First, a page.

By Odisha Story Bureau, New Delhi:
- The Executive Order calls for an immediate reevaluation of the Clean Power Plan, the flagship initiative of the US to meet its emission reduction pledge.
- Lifts the ban on federal leasing of land for coal production; lifts restrictions on the production of oil, natural gas, clean coal, and shale oil and gas.
- In his federal budget, Trump has already eliminated funding for UNFCCC and the Green Climate Fund.
- With this Executive Order and budget proposal, the US will fail to fulfill its commitments under the Paris Agreement.
- These actions of the Trump administration hit at the very foundation of the Paris Agreement; they trigger the process that could potentially dismantle the Agreement which was signed by 195 countries in 2015.
In a move which could potentially sound the death knell to the Paris Agreement on climate change, US president Donald Trump, on March 28, 2017, signed a sweeping Executive Order on ‘Promoting Energy Independence and Economic Growth’. The Order eliminates much of the already “modest” policies and initiatives started by the Obama administration to reduce fossil fuel consumption and greenhouse gas emissions in the US, says Centre for Science and Environment (CSE).
The Executive Order
- revokes the moratorium on coal mining on US federal lands. This is aimed to increase coal production and consumption in the US. The US is already the second largest coal consumer in the world after China. Its per capita coal consumption is five times higher than India’s.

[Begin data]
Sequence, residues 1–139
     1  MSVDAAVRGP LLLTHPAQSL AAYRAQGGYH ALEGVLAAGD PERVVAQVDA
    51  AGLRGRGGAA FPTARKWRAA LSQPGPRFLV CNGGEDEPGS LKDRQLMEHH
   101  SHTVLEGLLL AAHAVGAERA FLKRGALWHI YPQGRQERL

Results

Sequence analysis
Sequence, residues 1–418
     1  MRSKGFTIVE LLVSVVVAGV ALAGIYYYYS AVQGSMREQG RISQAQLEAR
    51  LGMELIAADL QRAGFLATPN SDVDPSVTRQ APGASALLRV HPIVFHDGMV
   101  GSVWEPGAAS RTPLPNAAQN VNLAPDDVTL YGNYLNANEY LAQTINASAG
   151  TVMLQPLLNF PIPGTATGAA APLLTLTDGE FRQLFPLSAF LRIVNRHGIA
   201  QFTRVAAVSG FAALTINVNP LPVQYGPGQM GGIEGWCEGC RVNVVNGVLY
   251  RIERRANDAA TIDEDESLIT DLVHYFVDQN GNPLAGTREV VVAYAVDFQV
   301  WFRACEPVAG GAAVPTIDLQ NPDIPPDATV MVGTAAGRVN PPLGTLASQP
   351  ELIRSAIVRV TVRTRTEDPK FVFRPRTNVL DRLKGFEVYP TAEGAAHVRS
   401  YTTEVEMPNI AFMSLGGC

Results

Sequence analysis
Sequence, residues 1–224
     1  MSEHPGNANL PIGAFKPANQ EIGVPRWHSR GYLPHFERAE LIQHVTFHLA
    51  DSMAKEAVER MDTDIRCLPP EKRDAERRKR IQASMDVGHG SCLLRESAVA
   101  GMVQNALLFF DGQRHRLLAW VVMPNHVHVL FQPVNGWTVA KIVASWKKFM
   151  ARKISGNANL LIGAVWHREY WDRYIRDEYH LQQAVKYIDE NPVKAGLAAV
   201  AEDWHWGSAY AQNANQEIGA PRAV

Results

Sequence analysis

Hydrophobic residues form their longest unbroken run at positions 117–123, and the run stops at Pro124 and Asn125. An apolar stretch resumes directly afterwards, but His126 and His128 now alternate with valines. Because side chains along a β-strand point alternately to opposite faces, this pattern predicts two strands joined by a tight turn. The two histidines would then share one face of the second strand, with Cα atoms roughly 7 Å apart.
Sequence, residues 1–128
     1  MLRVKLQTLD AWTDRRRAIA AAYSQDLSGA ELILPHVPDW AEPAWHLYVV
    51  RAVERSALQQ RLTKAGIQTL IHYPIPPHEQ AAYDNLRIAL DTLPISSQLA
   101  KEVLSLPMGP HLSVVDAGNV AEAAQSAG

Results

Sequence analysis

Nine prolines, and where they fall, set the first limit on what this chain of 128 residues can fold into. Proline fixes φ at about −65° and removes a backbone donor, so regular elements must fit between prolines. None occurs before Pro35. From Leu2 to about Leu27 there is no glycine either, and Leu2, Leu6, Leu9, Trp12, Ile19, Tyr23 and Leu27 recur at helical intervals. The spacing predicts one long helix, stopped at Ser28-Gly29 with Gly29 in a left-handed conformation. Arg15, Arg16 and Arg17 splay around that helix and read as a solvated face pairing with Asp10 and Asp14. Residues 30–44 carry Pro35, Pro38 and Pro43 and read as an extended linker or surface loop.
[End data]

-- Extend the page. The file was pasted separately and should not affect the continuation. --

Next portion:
- calls for immediate review of all rules and cancels, revises or revokes any rule or action that can potentially burden the development of domestic energy resources. This is aimed at increasing the production of all fossil fuel resources, especially shale oil and gas. This, when the US produces more gas than Russia and more oil than Saudi Arabia.
- revokes six previous Presidential Executive Orders on climate change issued by the Obama administration, including one on setting standards for carbon pollution from the power sector. The US power sector is a major emitter of greenhouse gases — in 2015, it was responsible for emitting 2 billion tonne of carbon dioxide, more than what India emitted from all its economic sectors.
- initiates an immediate review of the clean power plan (CPP) initiative. CPP is a regulation that aims to reduce carbon dioxide emissions from US power plants by 32 per cent below their 2005 emissions level, by 2030. The CPP was the centerpiece of the Obama administration’s climate change initiative to meet the US’s modest commitments under the Paris Agreement to reduce GHG emissions by 26-28 per cent from 2005 levels, by 2025.